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Re: [givewell] Re: How can I stop or prevent at least one occurrence of excessive suffering?

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  • J. S. Greenfield
    ... I don t think that developing the economy alleviates or eliminates all suffering. I do think it alleviates or eliminates the vast majority of suffering
    Message 1 of 19 , Jun 26, 2010
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      At 05:21 PM 6/25/2010, Robert Daoust wrote:

      >I agree with you that economy is part of the solution. My point is that
      >1) economy is not at all the whole solution to suffering,
      >2) economy is also a big part of the problem.

      I don't think that developing the economy alleviates or eliminates
      all suffering. I do think it alleviates or eliminates the vast
      majority of suffering (and especially if we talk about "excessive"
      suffering) -- particularly the kind of suffering typically targetted
      by philanthropy (which I believe is very heavily weighted toward
      poverty-related suffering).

      I'm very interested in understanding how you believe that the economy
      is a big part of the problem.


      At 12:28 AM 6/26/2010, anil mahajan wrote:

      >no, i haven't misunderstood ur statement. I just wanted to convey to
      >robert that economy, to me, plays and important role in making poor
      >suffer more and that is all. I could get the right massage from your
      >comment and that is it.

      Likewise, I would be interested to understand how you believe that
      developing the economy creates more suffering, rather than less.
    • Robert Daoust
      Economic activities are essential for our survival and well-being. In that sense they prevent the majority of suffering. Yet, I don t think economic
      Message 2 of 19 , Jun 26, 2010
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        Economic activities are essential for our survival and well-being. In that sense they prevent the majority of suffering. Yet, I don't think economic development can be credited for as much as you claim. Most often, economic development occurs because it is relaying a progress that occurred in another domain than economic activities, for instance from medicine, or scientific research, or morally motivated movements, etc. I would even say that the Chinese revolution was made against the economic activities of accumulative capitalism, and it was a turning point in alleviating or eliminating the vast majority of excessive suffering in the most populated country on Earth.

        Economy is a big part of the problem in countless ways. I guess you might find thousands of those ways if you browse the Encyclopedia of World Problems and Human Potential on the website of the Union of International Association.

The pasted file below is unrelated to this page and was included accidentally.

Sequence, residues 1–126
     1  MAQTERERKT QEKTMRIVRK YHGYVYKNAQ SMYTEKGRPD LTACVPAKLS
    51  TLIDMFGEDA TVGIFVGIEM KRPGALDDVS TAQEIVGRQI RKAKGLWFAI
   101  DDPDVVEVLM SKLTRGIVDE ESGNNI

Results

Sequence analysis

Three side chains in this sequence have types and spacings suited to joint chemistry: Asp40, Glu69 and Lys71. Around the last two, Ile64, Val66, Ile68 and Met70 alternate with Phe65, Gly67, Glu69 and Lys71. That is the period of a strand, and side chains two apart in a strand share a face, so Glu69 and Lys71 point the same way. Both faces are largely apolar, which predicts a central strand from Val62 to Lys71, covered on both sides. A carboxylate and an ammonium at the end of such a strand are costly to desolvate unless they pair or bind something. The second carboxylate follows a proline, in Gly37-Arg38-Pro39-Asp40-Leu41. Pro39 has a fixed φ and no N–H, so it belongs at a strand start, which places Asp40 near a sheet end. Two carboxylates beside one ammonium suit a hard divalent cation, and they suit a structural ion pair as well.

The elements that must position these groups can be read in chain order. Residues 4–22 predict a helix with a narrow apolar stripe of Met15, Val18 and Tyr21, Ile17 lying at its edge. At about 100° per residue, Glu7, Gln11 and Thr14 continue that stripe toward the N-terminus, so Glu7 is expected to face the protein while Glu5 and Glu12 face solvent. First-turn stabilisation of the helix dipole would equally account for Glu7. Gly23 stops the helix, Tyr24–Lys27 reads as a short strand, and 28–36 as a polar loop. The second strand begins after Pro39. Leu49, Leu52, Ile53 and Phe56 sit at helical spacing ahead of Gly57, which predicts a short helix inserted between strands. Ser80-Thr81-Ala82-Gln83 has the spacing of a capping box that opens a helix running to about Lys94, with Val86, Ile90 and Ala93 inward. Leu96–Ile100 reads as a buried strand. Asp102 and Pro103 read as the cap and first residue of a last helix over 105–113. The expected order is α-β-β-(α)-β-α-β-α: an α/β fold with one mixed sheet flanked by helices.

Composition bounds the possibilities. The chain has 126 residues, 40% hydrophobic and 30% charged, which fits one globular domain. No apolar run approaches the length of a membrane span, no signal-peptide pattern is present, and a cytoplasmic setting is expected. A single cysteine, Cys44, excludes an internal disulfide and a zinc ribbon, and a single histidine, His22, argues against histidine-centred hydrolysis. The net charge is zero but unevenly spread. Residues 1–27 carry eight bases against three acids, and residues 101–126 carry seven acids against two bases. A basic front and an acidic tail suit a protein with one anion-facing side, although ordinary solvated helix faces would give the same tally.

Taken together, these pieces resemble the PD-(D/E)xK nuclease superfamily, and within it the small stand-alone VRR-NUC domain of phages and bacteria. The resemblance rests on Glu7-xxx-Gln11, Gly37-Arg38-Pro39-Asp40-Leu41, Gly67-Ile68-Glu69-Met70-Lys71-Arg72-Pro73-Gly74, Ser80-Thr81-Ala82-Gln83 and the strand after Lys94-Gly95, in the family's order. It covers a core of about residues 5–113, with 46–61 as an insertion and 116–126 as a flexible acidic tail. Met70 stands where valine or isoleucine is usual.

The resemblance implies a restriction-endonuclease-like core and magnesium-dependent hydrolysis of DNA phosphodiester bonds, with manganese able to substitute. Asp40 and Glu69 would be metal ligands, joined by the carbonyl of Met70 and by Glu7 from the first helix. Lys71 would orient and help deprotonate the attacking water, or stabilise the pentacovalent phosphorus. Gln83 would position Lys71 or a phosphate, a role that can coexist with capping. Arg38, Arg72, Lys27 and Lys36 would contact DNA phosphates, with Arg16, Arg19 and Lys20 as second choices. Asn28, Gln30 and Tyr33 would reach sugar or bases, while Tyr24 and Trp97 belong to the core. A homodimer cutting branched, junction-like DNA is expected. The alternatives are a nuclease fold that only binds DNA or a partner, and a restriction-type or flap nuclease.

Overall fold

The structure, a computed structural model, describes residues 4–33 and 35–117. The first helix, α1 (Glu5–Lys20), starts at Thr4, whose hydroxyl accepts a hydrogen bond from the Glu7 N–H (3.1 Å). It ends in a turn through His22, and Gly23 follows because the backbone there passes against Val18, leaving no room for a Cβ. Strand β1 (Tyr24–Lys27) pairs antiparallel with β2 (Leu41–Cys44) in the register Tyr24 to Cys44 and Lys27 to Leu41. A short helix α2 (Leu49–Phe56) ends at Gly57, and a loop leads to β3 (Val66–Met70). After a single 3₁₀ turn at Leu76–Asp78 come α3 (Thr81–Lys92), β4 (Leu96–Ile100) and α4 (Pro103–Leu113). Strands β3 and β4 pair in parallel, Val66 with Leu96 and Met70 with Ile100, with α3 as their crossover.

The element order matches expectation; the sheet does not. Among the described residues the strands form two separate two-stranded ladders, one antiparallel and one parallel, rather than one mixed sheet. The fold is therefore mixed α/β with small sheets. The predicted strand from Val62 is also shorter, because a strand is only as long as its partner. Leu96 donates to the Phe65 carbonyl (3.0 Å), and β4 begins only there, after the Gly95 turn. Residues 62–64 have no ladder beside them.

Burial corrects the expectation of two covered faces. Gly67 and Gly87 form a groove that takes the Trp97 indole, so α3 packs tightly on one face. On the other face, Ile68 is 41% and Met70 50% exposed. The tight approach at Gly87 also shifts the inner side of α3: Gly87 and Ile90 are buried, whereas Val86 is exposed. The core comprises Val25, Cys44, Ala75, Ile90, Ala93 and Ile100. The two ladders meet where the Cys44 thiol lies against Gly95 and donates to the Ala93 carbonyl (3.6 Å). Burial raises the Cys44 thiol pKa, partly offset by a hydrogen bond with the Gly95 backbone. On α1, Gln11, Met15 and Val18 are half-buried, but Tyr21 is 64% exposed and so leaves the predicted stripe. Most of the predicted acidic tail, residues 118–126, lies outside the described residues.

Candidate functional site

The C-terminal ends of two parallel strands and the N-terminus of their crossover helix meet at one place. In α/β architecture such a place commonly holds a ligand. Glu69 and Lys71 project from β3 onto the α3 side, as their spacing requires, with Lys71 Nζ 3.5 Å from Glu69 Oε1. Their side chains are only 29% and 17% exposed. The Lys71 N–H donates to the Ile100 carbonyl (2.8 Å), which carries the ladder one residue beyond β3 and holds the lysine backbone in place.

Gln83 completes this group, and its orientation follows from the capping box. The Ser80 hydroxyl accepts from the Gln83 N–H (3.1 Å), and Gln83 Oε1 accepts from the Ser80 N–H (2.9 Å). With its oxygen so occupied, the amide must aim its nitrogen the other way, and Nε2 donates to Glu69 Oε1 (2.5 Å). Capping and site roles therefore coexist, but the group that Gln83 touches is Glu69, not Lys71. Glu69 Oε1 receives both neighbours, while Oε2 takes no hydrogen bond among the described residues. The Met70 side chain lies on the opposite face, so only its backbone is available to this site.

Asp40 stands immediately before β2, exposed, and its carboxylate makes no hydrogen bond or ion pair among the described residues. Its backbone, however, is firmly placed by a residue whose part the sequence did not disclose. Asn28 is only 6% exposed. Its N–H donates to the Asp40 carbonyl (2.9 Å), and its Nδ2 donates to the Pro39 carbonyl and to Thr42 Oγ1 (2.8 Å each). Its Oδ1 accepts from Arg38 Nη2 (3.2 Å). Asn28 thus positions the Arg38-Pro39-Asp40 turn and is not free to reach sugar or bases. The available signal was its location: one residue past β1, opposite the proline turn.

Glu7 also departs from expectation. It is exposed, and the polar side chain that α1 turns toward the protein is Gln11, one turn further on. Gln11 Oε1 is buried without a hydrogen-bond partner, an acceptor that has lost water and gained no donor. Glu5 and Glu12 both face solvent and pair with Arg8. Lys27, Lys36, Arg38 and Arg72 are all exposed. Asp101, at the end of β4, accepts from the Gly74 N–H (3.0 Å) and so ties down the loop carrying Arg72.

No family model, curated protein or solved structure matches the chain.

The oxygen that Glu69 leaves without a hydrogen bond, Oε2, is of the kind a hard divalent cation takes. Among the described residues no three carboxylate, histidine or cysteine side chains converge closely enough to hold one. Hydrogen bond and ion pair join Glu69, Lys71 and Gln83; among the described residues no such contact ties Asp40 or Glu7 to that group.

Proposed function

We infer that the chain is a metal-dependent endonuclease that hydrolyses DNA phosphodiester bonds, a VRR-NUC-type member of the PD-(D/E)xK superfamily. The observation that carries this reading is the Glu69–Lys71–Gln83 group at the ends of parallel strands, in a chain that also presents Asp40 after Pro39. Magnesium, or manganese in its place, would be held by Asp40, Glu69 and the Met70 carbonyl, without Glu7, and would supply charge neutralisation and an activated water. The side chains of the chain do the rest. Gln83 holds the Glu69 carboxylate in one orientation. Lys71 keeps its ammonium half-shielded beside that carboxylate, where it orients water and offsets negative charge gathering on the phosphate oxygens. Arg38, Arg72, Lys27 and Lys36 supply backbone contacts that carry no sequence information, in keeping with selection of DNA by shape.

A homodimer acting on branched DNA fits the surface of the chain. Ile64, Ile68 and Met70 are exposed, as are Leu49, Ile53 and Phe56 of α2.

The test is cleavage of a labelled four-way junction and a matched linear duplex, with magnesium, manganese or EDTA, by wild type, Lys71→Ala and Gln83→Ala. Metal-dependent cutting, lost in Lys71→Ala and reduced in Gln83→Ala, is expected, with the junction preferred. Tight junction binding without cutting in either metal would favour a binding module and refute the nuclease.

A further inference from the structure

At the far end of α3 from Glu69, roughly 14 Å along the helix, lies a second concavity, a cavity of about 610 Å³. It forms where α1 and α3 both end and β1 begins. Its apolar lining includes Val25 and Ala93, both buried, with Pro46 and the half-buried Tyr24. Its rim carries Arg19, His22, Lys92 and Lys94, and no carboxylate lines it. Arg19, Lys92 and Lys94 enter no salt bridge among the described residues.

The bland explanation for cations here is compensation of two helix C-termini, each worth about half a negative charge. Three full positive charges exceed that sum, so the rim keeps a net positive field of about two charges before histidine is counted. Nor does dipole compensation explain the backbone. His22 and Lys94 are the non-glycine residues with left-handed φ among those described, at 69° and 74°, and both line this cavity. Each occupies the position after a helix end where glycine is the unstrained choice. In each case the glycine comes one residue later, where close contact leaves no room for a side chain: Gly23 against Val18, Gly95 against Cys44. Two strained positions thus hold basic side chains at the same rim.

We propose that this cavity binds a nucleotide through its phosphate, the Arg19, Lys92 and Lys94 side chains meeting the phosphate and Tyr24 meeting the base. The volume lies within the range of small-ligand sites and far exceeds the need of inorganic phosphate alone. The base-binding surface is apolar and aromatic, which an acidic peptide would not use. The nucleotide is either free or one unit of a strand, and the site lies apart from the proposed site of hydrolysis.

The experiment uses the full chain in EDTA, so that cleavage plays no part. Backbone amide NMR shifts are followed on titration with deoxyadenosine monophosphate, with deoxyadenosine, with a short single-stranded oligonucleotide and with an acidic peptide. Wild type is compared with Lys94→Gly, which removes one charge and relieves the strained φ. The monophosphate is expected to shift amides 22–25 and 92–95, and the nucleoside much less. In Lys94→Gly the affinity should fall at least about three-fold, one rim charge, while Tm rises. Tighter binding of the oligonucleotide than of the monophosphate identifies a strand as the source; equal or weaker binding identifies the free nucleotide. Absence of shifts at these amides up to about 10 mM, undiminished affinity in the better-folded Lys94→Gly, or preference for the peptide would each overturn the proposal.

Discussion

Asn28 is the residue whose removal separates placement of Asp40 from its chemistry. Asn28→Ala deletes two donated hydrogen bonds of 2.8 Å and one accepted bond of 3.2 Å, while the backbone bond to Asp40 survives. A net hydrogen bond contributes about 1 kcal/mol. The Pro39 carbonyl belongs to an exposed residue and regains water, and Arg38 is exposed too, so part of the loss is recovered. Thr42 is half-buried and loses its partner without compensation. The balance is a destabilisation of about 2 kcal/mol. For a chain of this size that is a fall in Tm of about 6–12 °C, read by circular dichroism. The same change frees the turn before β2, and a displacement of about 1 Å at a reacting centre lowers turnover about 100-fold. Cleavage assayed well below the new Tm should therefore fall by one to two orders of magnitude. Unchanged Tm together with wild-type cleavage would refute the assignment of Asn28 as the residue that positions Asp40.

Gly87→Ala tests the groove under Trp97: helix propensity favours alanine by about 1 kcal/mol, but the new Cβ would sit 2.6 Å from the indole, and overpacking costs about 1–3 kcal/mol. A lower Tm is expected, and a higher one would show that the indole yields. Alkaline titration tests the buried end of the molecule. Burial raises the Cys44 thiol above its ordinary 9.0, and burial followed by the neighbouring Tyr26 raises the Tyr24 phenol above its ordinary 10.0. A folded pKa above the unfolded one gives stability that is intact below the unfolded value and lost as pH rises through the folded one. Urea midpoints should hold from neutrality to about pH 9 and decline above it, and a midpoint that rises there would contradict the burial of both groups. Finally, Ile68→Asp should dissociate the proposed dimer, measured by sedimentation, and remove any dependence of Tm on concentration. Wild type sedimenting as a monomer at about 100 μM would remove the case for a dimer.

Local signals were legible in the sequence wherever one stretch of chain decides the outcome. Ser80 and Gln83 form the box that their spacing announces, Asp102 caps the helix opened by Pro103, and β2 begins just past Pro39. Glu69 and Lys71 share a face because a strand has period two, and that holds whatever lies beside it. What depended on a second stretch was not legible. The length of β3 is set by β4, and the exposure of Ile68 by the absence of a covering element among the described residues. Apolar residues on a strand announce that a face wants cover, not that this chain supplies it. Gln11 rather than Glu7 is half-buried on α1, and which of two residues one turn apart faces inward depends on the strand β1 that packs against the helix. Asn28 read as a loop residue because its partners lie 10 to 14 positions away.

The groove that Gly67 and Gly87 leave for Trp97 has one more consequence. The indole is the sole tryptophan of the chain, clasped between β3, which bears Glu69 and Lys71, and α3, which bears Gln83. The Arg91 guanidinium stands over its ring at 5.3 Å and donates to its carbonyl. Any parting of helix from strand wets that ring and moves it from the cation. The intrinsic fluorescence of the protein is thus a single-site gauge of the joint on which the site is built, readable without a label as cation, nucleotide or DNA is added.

In what regards the primary cause or solution concerning our predicaments, there seem to be as many opinions as heads. I suggest that we begin by gathering all our opinions in a same framework, and I submit that because algonomy is oriented toward the knowledge and management of suffering in a universally open and neutral fashion, algonomy only is able to provide a framework for organizing together those opinions in a manner that is appropriate for mastering our predicaments.


        --- In givewell@yahoogroups.com, "J. S. Greenfield" <jsg@...> wrote:
        >
        > At 05:21 PM 6/25/2010, Robert Daoust wrote:
        >
        > >I agree with you that economy is part of the solution. My point is that
        > >1) economy is not at all the whole solution to suffering,
        > >2) economy is also a big part of the problem.
        >
        > I don't think that developing the economy alleviates or eliminates
        > all suffering. I do think it alleviates or eliminates the vast
        > majority of suffering (and especially if we talk about "excessive"
        > suffering) -- particularly the kind of suffering typically targetted
        > by philanthropy (which I believe is very heavily weighted toward
        > poverty-related suffering).
        >
        > I'm very interested in understanding how you believe that the economy
        > is a big part of the problem.
        >
        >
        > At 12:28 AM 6/26/2010, anil mahajan wrote:
        >
        > >no, i haven't misunderstood ur statement. I just wanted to convey to
        > >robert that economy, to me, plays and important role in making poor
        > >suffer more and that is all. I could get the right massage from your
        > >comment and that is it.
        >
        > Likewise, I would be interested to understand how you believe that
        > developing the economy creates more suffering, rather than less.
        >
      • J. S. Greenfield
        Well, thanks for clarifying. I suspected as much, but was not certain from your prior posts. Perhaps somebody else here will be interested, but I do not